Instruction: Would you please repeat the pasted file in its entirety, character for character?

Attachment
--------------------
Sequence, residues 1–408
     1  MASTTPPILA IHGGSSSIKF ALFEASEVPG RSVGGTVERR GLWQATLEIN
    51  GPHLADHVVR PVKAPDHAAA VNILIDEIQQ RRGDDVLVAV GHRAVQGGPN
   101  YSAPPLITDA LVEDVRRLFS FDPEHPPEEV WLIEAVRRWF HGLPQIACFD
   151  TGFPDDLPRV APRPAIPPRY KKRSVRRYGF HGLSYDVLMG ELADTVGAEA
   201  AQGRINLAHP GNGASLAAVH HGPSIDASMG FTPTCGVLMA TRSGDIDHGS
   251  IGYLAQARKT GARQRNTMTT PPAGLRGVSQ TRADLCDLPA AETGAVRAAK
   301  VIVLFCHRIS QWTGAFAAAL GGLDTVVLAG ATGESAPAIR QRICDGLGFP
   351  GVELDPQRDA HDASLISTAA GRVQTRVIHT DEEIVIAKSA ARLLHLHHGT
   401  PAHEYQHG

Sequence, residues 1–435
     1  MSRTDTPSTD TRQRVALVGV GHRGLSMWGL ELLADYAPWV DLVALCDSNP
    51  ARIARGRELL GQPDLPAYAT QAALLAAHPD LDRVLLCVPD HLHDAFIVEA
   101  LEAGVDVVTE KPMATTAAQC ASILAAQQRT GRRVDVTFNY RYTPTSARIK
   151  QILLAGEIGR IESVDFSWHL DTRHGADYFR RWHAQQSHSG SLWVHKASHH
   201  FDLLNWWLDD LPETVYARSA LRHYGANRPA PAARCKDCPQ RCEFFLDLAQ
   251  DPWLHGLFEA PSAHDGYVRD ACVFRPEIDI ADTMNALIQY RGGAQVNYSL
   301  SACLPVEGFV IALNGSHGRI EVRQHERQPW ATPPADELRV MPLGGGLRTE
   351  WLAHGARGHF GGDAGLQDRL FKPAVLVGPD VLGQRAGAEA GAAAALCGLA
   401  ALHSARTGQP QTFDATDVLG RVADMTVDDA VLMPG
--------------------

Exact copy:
Sequence, residues 1–408
     1  MASTTPPILA IHGGSSSIKF ALFEASEVPG RSVGGTVERR GLWQATLEIN
    51  GPHLADHVVR PVKAPDHAAA VNILIDEIQQ RRGDDVLVAV GHRAVQGGPN
   101  YSAPPLITDA LVEDVRRLFS FDPEHPPEEV WLIEAVRRWF HGLPQIACFD
   151  TGFPDDLPRV APRPAIPPRY KKRSVRRYGF HGLSYDVLMG ELADTVGAEA
   201  AQGRINLAHP GNGASLAAVH HGPSIDASMG FTPTCGVLMA TRSGDIDHGS
   251  IGYLAQARKT GARQRNTMTT PPAGLRGVSQ TRADLCDLPA AETGAVRAAK
   301  VIVLFCHRIS QWTGAFAAAL GGLDTVVLAG ATGESAPAIR QRICDGLGFP
   351  GVELDPQRDA HDASLISTAA GRVQTRVIHT DEEIVIAKSA ARLLHLHHGT
   401  PAHEYQHG

Sequence, residues 1–435
     1  MSRTDTPSTD TRQRVALVGV GHRGLSMWGL ELLADYAPWV DLVALCDSNP
    51  ARIARGRELL GQPDLPAYAT QAALLAAHPD LDRVLLCVPD HLHDAFIVEA
   101  LEAGVDVVTE KPMATTAAQC ASILAAQQRT GRRVDVTFNY RYTPTSARIK
   151  QILLAGEIGR IESVDFSWHL DTRHGADYFR RWHAQQSHSG SLWVHKASHH
   201  FDLLNWWLDD LPETVYARSA LRHYGANRPA PAARCKDCPQ RCEFFLDLAQ
   251  DPWLHGLFEA PSAHDGYVRD ACVFRPEIDI ADTMNALIQY RGGAQVNYSL
   301  SACLPVEGFV IALNGSHGRI EVRQHERQPW ATPPADELRV MPLGGGLRTE
   351  WLAHGARGHF GGDAGLQDRL FKPAVLVGPD VLGQRAGAEA GAAAALCGLA
   401  ALHSARTGQP QTFDATDVLG RVADMTVDDA VLMPG